- Autofill information: names, addresses, phone numbers, etc.
- Metadata, which can be used for tracking and identification (browser fingerprinting)
Many of the private search engines in this guide offer browser extensions to replace the default search engine for your browser. DuckDuckGo has even become listed as an alternative search engine for browsers like Firefox and Google Chrome.
See our guide on secure browsers here.
3. Use a good VPN service
If you use a good VPN service, you wont have to worry about search engines logging your IP address and location. A VPN will encrypt your traffic for safe transit across the internet, while also replacing your IP address and location with that of the VPN server youre connected to. There are many other uses for VPN services and they are an important privacy tool, especially since internet providers in many countries are now collecting browsing history.
Below are my top VPN recommendations:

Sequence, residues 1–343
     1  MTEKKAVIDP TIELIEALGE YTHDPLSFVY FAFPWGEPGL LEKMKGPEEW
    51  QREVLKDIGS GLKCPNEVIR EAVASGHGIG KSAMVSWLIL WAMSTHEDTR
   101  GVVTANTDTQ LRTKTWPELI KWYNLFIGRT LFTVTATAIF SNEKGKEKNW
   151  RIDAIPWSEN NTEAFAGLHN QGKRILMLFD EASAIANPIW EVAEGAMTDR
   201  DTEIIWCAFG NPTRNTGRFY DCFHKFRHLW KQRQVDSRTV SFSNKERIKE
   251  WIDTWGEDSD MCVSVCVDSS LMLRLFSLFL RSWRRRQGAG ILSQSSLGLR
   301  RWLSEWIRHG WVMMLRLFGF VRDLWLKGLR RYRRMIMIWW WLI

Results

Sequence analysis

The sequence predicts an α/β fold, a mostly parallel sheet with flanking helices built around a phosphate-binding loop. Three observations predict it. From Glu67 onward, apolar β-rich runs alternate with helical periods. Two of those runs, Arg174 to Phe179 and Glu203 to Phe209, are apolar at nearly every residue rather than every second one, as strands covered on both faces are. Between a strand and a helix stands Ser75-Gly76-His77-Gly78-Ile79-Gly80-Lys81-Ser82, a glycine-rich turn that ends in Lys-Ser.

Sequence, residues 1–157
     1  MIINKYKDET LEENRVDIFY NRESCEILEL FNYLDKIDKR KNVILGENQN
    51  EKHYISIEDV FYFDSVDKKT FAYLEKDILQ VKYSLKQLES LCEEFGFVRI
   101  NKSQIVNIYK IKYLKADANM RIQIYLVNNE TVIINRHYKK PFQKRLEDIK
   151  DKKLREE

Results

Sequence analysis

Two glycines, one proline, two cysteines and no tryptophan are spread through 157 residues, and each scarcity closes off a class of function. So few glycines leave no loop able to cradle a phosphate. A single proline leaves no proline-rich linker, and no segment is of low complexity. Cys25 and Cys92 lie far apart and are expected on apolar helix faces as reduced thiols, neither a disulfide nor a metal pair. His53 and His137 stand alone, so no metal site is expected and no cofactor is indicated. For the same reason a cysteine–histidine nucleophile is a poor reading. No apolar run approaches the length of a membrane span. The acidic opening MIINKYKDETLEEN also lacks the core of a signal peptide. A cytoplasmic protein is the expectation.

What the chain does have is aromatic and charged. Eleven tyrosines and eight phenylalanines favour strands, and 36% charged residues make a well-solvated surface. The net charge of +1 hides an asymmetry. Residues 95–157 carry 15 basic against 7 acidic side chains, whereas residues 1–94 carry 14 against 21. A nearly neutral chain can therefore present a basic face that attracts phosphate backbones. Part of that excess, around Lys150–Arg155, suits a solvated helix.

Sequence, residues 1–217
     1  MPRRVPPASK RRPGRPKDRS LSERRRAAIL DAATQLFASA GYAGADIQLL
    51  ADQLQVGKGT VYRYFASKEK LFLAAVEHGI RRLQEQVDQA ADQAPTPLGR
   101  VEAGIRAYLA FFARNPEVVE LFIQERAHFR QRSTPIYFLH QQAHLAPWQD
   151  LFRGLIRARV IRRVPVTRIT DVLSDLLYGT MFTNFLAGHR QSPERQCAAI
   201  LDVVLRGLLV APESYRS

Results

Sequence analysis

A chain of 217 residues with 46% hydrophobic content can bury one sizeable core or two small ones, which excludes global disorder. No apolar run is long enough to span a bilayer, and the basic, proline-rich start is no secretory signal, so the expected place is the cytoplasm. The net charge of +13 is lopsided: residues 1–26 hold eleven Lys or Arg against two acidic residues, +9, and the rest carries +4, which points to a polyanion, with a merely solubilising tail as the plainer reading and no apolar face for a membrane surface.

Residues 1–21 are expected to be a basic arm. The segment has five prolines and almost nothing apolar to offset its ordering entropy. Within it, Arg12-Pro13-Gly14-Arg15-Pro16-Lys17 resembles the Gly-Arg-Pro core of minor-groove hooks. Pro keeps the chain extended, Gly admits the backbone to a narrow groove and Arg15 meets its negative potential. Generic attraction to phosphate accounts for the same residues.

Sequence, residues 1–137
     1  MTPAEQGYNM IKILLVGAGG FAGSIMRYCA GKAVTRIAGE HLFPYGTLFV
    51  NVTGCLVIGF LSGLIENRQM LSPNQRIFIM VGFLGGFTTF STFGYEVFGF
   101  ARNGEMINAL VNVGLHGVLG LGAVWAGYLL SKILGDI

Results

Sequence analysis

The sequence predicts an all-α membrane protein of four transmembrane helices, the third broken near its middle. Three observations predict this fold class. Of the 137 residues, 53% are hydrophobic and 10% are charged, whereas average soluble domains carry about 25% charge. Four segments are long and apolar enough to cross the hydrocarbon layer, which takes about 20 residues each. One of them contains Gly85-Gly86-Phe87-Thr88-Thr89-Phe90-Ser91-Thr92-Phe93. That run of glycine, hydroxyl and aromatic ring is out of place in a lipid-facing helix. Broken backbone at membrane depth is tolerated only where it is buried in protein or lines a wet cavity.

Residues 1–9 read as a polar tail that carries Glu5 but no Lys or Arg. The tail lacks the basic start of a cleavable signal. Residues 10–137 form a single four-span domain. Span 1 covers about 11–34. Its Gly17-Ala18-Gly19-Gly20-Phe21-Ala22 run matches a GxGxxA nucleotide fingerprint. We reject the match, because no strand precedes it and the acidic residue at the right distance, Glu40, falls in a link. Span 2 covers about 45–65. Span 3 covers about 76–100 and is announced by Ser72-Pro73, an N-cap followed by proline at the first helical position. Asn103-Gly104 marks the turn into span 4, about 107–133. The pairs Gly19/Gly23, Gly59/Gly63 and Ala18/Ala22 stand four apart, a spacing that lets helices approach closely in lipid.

4. Use a good ad blocker
A reliable ad blocker is another important privacy tool since ads have become a major threat to your privacy. Many ads now quietly collect data for third-party advertising networks. Other ads (known as malvertising), actually install malware on your computer or mobile device. The best thing to do these days is to simply block ads and tracking networks.
There are of course many other privacy tools to consider. However, a good private search engine, a secure browser, a reliable VPN, and a safe ad blocker are the top priorities for basic digital self defense.
5. Log out!
Lastly, whenever possible, stay logged out of Big Tech accounts (Gmail, YouTube, Amazon, etc.) when surfing the web, since their trackers will record your browsing activity and link this to your data profile.